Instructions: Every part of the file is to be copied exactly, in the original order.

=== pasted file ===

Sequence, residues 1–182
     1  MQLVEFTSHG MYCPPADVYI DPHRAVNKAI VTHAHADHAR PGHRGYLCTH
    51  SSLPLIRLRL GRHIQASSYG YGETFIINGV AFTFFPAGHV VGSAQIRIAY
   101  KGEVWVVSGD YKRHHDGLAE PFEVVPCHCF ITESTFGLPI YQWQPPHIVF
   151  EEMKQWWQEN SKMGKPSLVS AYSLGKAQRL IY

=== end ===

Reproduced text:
Sequence, residues 1–182
     1  MQLVEFTSHG MYCPPADVYI DPHRAVNKAI VTHAHADHAR PGHRGYLCTH
    51  SSLPLIRLRL GRHIQASSYG YGETFIINGV AFTFFPAGHV VGSAQIRIAY
   101  KGEVWVVSGD YKRHHDGLAE PFEVVPCHCF ITESTFGLPI YQWQPPHIVF
   151  EEMKQWWQEN SKMGKPSLVS AYSLGKAQRL IY